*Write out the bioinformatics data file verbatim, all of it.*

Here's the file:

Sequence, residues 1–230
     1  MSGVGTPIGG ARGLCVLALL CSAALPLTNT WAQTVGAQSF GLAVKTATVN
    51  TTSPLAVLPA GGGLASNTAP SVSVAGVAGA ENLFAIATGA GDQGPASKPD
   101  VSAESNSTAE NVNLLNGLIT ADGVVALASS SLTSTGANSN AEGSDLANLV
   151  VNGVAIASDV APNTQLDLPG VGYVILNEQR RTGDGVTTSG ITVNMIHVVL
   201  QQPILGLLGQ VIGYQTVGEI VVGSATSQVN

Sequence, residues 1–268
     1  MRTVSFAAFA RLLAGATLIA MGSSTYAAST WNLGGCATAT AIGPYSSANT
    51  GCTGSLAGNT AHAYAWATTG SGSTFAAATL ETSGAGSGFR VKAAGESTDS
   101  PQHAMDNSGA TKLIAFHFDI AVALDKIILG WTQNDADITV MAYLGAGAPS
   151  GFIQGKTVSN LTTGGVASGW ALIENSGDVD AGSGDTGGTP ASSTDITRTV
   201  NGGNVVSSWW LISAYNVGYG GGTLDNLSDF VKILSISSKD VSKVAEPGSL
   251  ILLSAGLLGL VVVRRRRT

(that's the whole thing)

Sequence, residues 1–230
     1  MSGVGTPIGG ARGLCVLALL CSAALPLTNT WAQTVGAQSF GLAVKTATVN
    51  TTSPLAVLPA GGGLASNTAP SVSVAGVAGA ENLFAIATGA GDQGPASKPD
   101  VSAESNSTAE NVNLLNGLIT ADGVVALASS SLTSTGANSN AEGSDLANLV
   151  VNGVAIASDV APNTQLDLPG VGYVILNEQR RTGDGVTTSG ITVNMIHVVL
   201  QQPILGLLGQ VIGYQTVGEI VVGSATSQVN

Sequence, residues 1–268
     1  MRTVSFAAFA RLLAGATLIA MGSSTYAAST WNLGGCATAT AIGPYSSANT
    51  GCTGSLAGNT AHAYAWATTG SGSTFAAATL ETSGAGSGFR VKAAGESTDS
   101  PQHAMDNSGA TKLIAFHFDI AVALDKIILG WTQNDADITV MAYLGAGAPS
   151  GFIQGKTVSN LTTGGVASGW ALIENSGDVD AGSGDTGGTP ASSTDITRTV
   201  NGGNVVSSWW LISAYNVGYG GGTLDNLSDF VKILSISSKD VSKVAEPGSL
   251  ILLSAGLLGL VVVRRRRT